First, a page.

Author: Chris Joyner

Italicized text lifted from Venus, by Organik

Venus, Venus, and Venus.
3 namesake sisters, melted together…
covering each other with brightness

as artist book

Gently, I turn the pages of Venus—the wings of an enormous sleeping insect[1]—heavy with paint and spice impasto.  How strikingly nuanced: tumeric orange, paprika red, nutmeg brown, swirling on violent winds—I could name each color, each perfume, but what good would that do?  A chimera is born at the impasse of words, couching all edges blurry[2].

as planet

Like Venus, Venus is layered.  Shrouded in sulfur clouds, her surface cannot be seen from space in visible light; “bright queen of the sky”[3] viewing her sister planet through cataract eye.   Because of her beauty, Venus was named for Venus, but the Romans couldn’t penetrate beyond the light she reflects, didn’t know the destitution of her volcanism, her scorching crags and craters, the choke of her carbon, that lightning can crack without rain.

as goddess

In Latin, her name means love but also venom.

When Saturn castrated his father and cast his genitals into the sea, he begot Venus: love born through severance[4].  And later, she would be remade, armless, frozen in sculpture, marble breasts forever exposed, found in the ruins of Milos.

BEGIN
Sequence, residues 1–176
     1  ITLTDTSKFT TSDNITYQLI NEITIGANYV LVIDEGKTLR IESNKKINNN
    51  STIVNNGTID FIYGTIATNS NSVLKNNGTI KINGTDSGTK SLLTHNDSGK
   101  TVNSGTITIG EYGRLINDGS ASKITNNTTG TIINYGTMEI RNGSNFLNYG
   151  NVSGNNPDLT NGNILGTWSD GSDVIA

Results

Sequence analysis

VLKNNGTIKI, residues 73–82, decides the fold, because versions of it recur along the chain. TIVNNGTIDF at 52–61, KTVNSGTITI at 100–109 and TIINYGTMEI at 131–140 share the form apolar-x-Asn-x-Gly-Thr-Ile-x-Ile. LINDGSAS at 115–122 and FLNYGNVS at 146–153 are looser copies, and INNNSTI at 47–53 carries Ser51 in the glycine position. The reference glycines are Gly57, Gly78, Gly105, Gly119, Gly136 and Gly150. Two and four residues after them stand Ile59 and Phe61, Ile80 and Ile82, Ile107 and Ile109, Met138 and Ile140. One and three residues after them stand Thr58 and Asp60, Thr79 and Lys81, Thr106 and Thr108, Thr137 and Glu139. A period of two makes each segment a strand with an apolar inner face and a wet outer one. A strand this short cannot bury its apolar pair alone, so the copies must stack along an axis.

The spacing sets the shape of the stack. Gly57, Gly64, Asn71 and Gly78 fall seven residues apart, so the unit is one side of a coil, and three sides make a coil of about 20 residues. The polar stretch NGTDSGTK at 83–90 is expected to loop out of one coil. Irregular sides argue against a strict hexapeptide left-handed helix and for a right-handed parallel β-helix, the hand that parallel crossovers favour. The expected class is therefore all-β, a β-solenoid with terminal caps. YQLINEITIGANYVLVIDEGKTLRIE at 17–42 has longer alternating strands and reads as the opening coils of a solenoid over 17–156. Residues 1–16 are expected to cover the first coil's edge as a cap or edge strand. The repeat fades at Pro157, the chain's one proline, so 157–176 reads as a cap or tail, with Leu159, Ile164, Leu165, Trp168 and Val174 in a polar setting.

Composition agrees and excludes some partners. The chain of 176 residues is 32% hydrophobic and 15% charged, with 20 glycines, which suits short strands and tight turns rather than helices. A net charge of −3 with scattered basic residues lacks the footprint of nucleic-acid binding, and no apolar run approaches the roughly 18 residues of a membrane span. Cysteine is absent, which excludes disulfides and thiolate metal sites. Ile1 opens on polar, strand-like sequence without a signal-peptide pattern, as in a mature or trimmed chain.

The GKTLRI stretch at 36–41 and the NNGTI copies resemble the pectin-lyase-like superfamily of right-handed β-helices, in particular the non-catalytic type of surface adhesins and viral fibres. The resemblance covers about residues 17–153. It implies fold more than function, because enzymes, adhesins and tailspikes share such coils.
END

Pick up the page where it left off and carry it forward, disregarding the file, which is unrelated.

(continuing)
[1] Venus is a flytrap. Who made the unassuming white of her flowers, the pink, sugared wings of her mouth? Who hears the cries of the hapless bug as her daggered trap encloses?

[2] Like the chimera, collaboration is alchemical.  Organik is a collective of 3.  Their website matter-of-factly lists the ingredients of Venus’ media: Korean mulberry, cellulose paper, walnut ink, human blood—it poured out of her eyes and rose from between her lips

[3] What the Babylonians called Nin-dar-an-na, they understood to be a single body while earlier civilizations saw Venus as two: “morning star” and “evening star”…ancient proof of love’s duality.

[4] She emerged from the reddened foam.